ASU integrating LED lights on campus


The Appalachian Online

Tommy Culkin

In an effort to cut back on energy consumption, Appalachian State University is in the process of replacing all the lighting on campus with LED lights.

Appalachian State began the process by replacing the lights in Plemmons Student Union five years ago and finished the union conversion in September.

Jeff Cathey, head of student programs, said minimal work was done in September, with most of the installation already having been completed.

“We just had a couple places here and there [without LED lighting],” Cathey said.

Jerry Marshall, the engineer at the physical plant, said the results seen by incorporating LED lights into the student union led to an effort to replace all the lighting on campus with LED lights.

“The student union was the first place we started putting LED lights,” Marshall said. “As a result of that, once people started getting on board, we began putting LED’s all over campus.”

Now, numerous buildings on campus are lit 100 percent with LED lights, including Belk Residence Hall, Anne Belk Hall, Kidd Brewer Stadium, the steam plant, Owens Field House and Legends. In addition to the facilities that have been fully converted, all the lighting in campus parking lots are lit with LED lighting.

“We were spending about 7,000 kilowatt hours per month pretty consistently [with the streetlights],” Marshall said. “Then we installed our LED lighting, and now we’re using about 2,000 kilowatt hours per month.”

The success of installing LED lights in the parking lots made Appalachian State a model that other schools began to copy, Marshall said.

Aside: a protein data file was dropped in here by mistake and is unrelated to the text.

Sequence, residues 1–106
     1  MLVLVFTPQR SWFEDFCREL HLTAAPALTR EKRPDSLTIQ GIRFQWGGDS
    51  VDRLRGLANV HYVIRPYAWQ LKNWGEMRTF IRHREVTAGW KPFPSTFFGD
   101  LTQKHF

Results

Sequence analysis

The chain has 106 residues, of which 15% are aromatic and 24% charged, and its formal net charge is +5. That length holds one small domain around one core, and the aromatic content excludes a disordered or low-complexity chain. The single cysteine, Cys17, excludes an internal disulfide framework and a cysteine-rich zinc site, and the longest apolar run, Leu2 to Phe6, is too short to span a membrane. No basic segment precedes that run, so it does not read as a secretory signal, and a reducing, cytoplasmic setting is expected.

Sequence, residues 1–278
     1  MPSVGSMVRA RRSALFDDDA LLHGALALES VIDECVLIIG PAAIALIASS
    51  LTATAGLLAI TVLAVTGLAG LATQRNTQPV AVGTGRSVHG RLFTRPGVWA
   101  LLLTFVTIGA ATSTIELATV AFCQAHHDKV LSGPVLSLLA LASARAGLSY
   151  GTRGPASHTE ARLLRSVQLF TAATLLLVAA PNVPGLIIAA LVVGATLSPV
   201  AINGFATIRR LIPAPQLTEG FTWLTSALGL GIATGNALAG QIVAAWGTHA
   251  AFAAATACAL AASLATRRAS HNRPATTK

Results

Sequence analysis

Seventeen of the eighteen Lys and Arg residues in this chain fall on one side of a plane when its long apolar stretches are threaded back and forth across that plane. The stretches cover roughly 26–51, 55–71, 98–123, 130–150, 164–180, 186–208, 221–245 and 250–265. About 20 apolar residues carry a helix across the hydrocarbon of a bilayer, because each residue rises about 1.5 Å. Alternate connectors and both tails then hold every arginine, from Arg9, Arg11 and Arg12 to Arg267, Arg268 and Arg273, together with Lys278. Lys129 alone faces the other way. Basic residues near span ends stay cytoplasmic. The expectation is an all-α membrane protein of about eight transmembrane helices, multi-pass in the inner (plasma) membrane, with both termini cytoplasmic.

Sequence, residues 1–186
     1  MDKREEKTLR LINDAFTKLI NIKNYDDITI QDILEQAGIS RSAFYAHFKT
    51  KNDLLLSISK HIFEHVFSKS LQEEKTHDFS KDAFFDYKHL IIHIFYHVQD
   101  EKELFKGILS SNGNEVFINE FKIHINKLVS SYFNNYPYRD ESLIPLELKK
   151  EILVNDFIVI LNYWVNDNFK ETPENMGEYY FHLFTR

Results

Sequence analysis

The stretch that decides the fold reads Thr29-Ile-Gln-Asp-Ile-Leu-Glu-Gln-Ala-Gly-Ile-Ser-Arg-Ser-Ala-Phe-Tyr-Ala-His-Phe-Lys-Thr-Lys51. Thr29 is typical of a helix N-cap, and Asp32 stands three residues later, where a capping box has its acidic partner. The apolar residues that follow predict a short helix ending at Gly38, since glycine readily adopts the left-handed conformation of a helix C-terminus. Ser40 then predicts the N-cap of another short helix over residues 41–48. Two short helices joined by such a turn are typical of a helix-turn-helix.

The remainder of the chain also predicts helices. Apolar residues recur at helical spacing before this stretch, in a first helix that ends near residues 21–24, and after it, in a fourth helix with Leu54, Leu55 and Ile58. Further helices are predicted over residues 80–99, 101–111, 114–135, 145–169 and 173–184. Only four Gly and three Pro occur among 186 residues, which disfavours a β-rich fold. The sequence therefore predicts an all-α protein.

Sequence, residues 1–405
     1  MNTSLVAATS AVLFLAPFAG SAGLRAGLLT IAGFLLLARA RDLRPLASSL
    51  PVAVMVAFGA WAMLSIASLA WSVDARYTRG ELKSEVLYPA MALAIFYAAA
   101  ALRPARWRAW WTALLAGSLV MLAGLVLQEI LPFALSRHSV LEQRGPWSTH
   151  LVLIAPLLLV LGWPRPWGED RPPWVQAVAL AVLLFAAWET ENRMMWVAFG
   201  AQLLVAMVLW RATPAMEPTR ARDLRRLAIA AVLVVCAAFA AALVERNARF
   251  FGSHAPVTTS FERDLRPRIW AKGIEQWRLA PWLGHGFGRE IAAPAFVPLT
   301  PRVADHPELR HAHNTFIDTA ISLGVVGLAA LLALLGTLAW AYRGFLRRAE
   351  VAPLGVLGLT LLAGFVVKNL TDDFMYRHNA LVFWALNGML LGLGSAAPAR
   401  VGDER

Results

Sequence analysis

“The parking lot project was so successful that all over North Carolina, at our sister institutions, they heard about the dramatic effect it had,” Marshall said. “When they heard about what was going on, they said, ‘We need to be doing this all over the state.’”

Appalachian State hired Pepco to install the LED lighting on campus. As part of a performance contract, Pepco installs the lights and then the university pays them with the savings made from using LED lights for the next seven years.

Lee Ball, the director of university sustainability, said performance contracts like this one are ideal for institutions like Appalachian State.

“Performance contracts are really great for institutions that don’t want to use their own capital,” Ball said. “And it really benefits us in the long run because, even though we’re paying them back for seven years, these fixtures will probably last 40 years.”

Cathey said he believes Appalachian State’s efforts to convert to LED lighting is a testament to the school’s commitment to sustainability and energy efficiency.

“This marks an exciting opportunity to do something that’s good for the environment,” Cathey said. “We’re building a model of how a sustainable building can function and it represents what a lot of people here at Appalachian State value.”

Story by Tommy Culkin, Senior News Reporter